It has already been known to prepare mixed polyesters from polycarbonates whereby, for example, suitable quantitative amounts of relatively low molecular weight polyethylene terephthalate are heated together with bisphenol A and diphenyl carbonate to give high molecular weight polyester carbonates having good properties. Surprisingly, it was found that this process cannot be transferred analogously to the preparation of the mixed polyestersof the present invention. The presence of low molecular weight polyesters containing dialcohol residues at. the beginning of the reaction, when employing diaryl terephthalate and/ or diaryl isophthalate, always leads to failures in obtaining the desired reaction product even if a sutficient amount of diaryl carbonate is present to offset or counterbalance with certainty any disturbances in the equivalence of the reactants. If, on the other hand, the addition of the low molecular weight polyesters containing the dialcohol residues takes place at the time in the reaction specified by the process of the present invention, in other words, only when the reaction mixture of diaryl esters and diphenols has obtained a melting viscosity of about 2000 to 4000 poises at about 280 C., the desired sufficiently high molecular weight mixed polyesters having good mechanical properties are obtained with certainty.

Thus, the invention herein constitutes the use of certain low molecular weight polyesters, i.e., those having a viscosity number of between about 0.1 and 0.5 dl./g., as an additive to the reaction mixture of diaryl terephthalate and/ or diaryl isophthalate with dihydric phenols at a certain specified point during the course of the reaction.

The improved process for the preparation of the mixed polyesters in accordance with the present invention is described in further detail on the basis of the following examples without, however, being limited thereto.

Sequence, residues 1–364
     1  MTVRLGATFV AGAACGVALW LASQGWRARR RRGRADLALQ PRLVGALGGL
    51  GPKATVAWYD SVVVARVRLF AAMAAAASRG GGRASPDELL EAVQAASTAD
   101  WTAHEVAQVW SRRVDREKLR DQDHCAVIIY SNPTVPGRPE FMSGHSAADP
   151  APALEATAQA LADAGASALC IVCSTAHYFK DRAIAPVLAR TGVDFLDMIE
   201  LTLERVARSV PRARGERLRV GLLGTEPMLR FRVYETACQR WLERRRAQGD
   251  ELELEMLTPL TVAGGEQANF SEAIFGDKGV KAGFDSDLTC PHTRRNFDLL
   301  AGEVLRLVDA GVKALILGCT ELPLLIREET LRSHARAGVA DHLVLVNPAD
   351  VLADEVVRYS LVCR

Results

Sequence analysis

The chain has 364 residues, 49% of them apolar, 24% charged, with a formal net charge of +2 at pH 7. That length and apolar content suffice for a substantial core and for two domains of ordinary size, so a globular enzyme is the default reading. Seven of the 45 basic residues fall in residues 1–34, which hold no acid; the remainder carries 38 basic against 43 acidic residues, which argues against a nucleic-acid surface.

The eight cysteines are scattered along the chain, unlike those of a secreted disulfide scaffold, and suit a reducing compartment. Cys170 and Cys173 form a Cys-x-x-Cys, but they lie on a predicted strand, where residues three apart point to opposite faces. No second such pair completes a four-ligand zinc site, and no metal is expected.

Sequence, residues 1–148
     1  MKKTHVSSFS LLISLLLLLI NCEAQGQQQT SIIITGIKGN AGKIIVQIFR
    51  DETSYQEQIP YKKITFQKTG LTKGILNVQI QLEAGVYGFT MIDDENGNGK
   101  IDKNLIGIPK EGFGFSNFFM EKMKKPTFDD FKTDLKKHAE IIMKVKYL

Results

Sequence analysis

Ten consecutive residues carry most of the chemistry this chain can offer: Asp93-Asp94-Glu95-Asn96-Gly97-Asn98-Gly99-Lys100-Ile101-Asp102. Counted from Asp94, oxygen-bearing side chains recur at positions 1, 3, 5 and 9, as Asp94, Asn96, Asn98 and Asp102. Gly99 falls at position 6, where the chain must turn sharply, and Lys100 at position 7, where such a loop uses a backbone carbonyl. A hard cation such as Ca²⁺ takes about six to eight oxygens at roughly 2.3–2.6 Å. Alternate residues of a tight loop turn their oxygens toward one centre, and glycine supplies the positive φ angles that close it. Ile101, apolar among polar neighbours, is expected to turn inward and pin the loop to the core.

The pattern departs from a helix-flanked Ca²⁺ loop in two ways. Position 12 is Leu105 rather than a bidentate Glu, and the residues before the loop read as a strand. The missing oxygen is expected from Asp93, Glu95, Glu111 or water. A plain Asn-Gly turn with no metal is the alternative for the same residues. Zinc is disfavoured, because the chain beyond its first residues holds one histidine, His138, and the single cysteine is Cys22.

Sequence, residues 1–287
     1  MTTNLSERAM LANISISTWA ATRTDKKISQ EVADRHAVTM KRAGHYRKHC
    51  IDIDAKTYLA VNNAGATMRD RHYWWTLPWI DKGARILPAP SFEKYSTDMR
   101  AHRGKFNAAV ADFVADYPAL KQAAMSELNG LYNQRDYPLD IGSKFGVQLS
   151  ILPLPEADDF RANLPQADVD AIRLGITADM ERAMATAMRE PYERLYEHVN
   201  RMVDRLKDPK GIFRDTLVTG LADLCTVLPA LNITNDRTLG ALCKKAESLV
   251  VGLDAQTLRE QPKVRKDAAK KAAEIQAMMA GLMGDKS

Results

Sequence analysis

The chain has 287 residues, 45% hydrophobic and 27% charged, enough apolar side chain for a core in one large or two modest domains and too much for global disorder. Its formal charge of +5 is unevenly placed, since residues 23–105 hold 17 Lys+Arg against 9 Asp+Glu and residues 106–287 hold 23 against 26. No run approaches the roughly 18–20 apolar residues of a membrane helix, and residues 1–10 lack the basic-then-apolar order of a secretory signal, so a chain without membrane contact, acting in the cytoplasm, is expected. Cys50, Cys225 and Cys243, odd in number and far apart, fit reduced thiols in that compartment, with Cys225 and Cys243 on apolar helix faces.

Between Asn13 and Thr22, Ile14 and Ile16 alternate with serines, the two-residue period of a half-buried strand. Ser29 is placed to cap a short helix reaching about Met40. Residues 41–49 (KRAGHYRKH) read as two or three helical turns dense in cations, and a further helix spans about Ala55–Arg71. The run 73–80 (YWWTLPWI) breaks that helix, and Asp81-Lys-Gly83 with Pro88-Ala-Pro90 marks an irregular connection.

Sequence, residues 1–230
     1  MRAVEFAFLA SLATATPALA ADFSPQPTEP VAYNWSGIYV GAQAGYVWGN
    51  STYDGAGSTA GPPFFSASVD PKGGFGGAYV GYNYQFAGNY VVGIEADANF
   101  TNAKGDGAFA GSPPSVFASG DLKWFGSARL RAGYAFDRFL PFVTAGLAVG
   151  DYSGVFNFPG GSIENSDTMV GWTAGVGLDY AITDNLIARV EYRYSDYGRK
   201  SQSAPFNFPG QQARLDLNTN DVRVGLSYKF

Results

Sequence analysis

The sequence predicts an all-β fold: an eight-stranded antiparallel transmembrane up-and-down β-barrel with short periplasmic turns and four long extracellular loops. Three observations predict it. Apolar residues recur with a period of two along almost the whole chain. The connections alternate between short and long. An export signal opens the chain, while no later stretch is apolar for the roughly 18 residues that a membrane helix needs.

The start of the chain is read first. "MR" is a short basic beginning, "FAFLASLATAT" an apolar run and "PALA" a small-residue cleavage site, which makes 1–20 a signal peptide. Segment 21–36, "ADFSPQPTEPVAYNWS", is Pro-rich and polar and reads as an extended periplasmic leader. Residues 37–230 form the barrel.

EXAMPLE 1 In a 100 ml. round fiask equipped with stirrer and descending cooler, 15.9 grams of diphenyl terephthalate (0.05 mole), 14.3 grams of diphenyl isophthalate (0.045 mole) and 1.76 grams of diphenyl carbonate (0.0055 mole) were transesterified, in the presence of 30 milligrams each of antimony oxide and triphenyl phosphite, with 22.8 grams of bisphenol A (0.1 mole) for 2 /2 hours at 180 C. The temperature was raised to 280 C. for another 2 /2 hours, and the polycondensation was carried out at this temperature for minutes while applying a vacuum of 20.5 torr. Added to this very tough melt was 10.8 grams of granulated polyethylene terephthalate having a viscosity of 0.131. The polycondensation was then continued for another 2 hours at a vacuum of 0.2 torr at 280 C. A faintly turbid, almost colorless product was obtained, having a viscosity number of 0.645 and a softening point of 145 C. (determined with the aid of a penetrometer having a needle cross section of l mm. and a total load of 350 grams; depth of penetration 0.1 mm.). The product could be nailed without developing cracks and could be mechanically sawed and drilled without displaying melting or sintering marks.

When the same polyethylene terephthalate was added to the batch in the same quantity, but at the beginning of the reaction, the procedure being otherwise the same as described hereinabove, the resulting product-having a viscosity number of only 0.331 dl./g.was so brittle that it could be easily reduced to small pieces by blows wit-h a hammer.

When the amount of diphenyl carbonate was increased to 2.14 grams (0.01 mole) and 3.2 grams (0.015 mole), respectively, and the polyethylene terephthalate was added at the beginning of the reaction to the otherwise identical batch, brittle products were again obtained having a viscosity number of 0.495 and 0.419 dl./g., respectively. These brittle products did not display a sufiicient impact resistance even with a continued polycondensation reaction.

EXAMPLE 2 The quantities of diphenyl terephthalate, diphenyl isophthalate, bisphenol A, antimony oxide and triphenyl phosphite indicated in Example 1 were polycondensed with 1.2 grams of diphenyl carbonate (0.0056 mole) for such a length of time until stirring of the batch was just barely possible. Then, 14.4 grams of polyethylene terephthalate having a viscosity number of 0.3 dl./ g. was added to the reaction mixture and the polycondensation reaction was continued for 4% hours at 280 C. and 0.2 torr. The end product had a viscosity number of 0.574 .and could not be reduced to small pieces by blows with a hammer. The softening point of the product was 130 C.